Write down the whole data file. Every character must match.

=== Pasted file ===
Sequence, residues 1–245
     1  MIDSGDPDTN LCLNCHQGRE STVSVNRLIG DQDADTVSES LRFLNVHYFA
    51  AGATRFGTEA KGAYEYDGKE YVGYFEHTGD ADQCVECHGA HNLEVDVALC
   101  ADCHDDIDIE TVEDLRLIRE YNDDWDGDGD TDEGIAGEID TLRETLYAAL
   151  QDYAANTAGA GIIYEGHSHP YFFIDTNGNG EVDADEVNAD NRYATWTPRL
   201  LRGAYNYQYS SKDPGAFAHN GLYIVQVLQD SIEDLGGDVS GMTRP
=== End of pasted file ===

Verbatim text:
Sequence, residues 1–245
     1  MIDSGDPDTN LCLNCHQGRE STVSVNRLIG DQDADTVSES LRFLNVHYFA
    51  AGATRFGTEA KGAYEYDGKE YVGYFEHTGD ADQCVECHGA HNLEVDVALC
   101  ADCHDDIDIE TVEDLRLIRE YNDDWDGDGD TDEGIAGEID TLRETLYAAL
   151  QDYAANTAGA GIIYEGHSHP YFFIDTNGNG EVDADEVNAD NRYATWTPRL
   201  LRGAYNYQYS SKDPGAFAHN GLYIVQVLQD SIEDLGGDVS GMTRP